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  • Writer's pictureElucidation Strategies

The Concession Factor

The act of conceding rarely feels good.  It means having to admit that a viewpoint is not accurate or a belief is not true.




past tense: conceded; past participle: conceded


1. admit that something is true or valid after first denying or resisting it, Oxford Dictionary

Conceding is an act of acknowledgement, an act of admitting wrongness.  


The bigger the deal, the longer the insistence, the nearer to your heart – the worse the concession feels.  But, it often comes with increased wisdom or clarity, even if it was grudgingly acknowledged.  


When it comes to cannabis, many people have had it wrong for a very long time.  However, the explanation behind why so many have had it wrong is complicated. The inaccurate information and the problematic messaging were designed to misinform and scare the general public for over a century.  It wasn’t just that people wanted to believe that cannabis was inherently bad; they were fed a steady diet of curated cautionary tale horror stories, prescribed value judgements, and warnings of inevitable deviancy.

Throughout an astounding chunk of time, those interested in furthering the “cannabis is inherently bad” narrative didn’t always use compelling falsehoods or carefully-constructed misinformation. It started that way, but eventually, those folks in positions of power just used authority, momentum, and intimadating claims of righteousness until it eventually became the default.  So many people ate it all up, even thinking it was the responsible thing to do.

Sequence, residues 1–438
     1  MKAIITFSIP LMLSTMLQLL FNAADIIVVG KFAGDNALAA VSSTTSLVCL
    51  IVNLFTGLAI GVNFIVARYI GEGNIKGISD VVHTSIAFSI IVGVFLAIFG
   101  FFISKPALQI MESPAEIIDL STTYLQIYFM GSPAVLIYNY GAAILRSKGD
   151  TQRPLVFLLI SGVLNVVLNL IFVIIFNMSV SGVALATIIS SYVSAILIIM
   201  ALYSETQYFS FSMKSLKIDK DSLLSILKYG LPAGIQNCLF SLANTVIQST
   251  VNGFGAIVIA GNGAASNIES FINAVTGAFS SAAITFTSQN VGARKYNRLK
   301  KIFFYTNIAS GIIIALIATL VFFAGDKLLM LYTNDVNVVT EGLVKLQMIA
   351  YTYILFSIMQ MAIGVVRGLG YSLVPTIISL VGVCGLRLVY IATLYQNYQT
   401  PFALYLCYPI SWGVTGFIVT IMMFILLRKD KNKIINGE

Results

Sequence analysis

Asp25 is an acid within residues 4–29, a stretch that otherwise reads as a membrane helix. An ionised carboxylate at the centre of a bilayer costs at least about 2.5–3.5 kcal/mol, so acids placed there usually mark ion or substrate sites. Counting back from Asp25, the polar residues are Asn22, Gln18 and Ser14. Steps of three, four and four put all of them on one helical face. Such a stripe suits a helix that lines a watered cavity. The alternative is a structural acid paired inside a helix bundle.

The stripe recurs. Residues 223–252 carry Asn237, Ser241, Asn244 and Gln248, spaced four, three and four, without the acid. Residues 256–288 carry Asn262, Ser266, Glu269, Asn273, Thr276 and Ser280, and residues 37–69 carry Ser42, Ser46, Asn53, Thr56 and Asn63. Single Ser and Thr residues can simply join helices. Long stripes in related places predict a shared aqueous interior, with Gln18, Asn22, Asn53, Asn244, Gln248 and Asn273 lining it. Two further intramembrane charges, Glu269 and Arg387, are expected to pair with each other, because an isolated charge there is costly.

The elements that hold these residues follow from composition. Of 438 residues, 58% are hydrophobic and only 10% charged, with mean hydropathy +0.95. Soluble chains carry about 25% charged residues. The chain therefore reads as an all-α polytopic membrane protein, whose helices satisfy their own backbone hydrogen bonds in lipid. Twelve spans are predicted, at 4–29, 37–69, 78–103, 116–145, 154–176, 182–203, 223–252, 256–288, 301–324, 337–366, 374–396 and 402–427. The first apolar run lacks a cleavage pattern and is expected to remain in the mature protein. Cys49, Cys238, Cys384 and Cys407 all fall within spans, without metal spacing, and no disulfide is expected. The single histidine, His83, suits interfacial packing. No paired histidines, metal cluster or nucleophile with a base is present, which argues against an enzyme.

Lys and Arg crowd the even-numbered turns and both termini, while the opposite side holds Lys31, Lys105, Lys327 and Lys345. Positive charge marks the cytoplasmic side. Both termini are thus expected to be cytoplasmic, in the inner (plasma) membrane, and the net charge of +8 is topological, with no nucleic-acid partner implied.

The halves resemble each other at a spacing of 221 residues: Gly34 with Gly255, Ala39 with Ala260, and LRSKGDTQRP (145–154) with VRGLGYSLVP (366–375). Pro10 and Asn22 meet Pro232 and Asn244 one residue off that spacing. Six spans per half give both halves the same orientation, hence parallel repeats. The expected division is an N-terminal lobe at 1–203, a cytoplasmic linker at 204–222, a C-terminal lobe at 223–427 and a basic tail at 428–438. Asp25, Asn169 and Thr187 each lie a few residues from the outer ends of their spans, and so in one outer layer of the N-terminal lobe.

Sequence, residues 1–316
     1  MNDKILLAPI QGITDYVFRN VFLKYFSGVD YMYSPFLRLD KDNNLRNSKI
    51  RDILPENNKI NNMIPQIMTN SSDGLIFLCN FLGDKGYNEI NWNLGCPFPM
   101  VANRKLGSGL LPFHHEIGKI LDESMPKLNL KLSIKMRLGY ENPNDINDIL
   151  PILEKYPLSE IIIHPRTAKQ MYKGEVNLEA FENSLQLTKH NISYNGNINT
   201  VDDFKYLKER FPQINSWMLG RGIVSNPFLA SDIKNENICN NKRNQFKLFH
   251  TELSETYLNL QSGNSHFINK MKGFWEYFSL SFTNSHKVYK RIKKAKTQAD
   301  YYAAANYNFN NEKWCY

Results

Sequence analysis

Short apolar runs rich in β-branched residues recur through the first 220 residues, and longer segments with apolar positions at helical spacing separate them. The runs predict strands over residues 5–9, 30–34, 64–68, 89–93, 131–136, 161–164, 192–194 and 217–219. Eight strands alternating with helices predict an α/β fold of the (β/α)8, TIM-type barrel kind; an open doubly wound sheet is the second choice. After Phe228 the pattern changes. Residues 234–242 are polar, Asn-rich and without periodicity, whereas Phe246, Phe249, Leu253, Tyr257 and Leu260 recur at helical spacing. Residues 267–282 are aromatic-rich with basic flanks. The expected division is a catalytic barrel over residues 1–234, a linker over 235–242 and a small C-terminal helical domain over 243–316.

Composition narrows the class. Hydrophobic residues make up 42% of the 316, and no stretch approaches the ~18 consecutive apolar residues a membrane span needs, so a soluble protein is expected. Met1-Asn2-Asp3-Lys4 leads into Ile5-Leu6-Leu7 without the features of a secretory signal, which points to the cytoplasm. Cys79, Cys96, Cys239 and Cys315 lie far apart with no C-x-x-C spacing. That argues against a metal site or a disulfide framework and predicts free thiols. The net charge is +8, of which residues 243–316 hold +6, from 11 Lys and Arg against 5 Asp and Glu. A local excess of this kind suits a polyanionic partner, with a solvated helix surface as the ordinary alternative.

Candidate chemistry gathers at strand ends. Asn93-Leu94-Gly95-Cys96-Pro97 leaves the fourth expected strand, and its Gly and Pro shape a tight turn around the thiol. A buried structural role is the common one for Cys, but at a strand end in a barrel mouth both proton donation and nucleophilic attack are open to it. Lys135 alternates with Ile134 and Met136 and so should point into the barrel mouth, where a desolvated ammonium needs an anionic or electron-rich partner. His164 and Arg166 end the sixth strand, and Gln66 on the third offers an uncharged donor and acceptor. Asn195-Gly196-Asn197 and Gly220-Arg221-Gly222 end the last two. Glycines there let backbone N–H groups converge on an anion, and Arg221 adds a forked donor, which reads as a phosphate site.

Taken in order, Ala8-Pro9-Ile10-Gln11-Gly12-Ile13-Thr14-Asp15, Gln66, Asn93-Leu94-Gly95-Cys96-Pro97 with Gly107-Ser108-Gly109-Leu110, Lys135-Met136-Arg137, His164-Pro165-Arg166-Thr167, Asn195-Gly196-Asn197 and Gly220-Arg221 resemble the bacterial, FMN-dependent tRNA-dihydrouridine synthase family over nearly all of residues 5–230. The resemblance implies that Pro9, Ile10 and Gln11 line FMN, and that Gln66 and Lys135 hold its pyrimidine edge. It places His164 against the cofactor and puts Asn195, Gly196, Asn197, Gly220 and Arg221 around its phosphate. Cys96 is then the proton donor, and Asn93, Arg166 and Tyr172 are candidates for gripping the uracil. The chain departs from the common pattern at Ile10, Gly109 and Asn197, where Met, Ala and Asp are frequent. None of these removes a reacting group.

What’s the best strategy for unpacking why cannabis remains controversial and confusing?  We can rely on history to understand all the contributing factors.  That’s what we need.  But that history represents something much more practical and simple. 

The concession factor. 


If you’ve held to a particular belief (in the case of cannabis, often based on the heart, not the head) for 20 or 40 or 60 years, it can be hard to concede, even when there’s plenty of proof.  How you feel about cannabis can be different from what you think about cannabis, an internal tension that makes it challenging for you to consider adopting a more accurate perspective.  You likely need something to point to and say, “This new information compels me to change my position,” which makes conceding much easier.  If I had only known that xyz were true… - it can go a long way when it comes to replacing inaccurate perspectives with correct ones.


By prioritizing cannabis history education as an ideal path forward for learning – as opposed to resigning ourselves to online shouting matches that volley overly-simplistic claims of it’s good and it’s bad to no productive end – inaccurate information is replaced by valid, truthful information AND it gives many a way to concede that saves face.

C'mon, no one likes admitting that they're wrong, especially when they realize they've been duped or manipulated. People often need some patience, graciousness, and understanding. Let's be sure to give them something to use to have the option to concede with intention and dignity. The more we do that, the faster destigmatization and normalization happens.

Let's look to the past to better understand the present and plan for the future. Using historical information as a springboard for conversation to correct false information (let’s finally eliminate the Gateway drug myth!) and replace it with verifiable, data-based evidence is an approach that helps everyone move forward in a way that’s comfortable and logical.

Contact Elucidation Strategies for cannabis consulting services.


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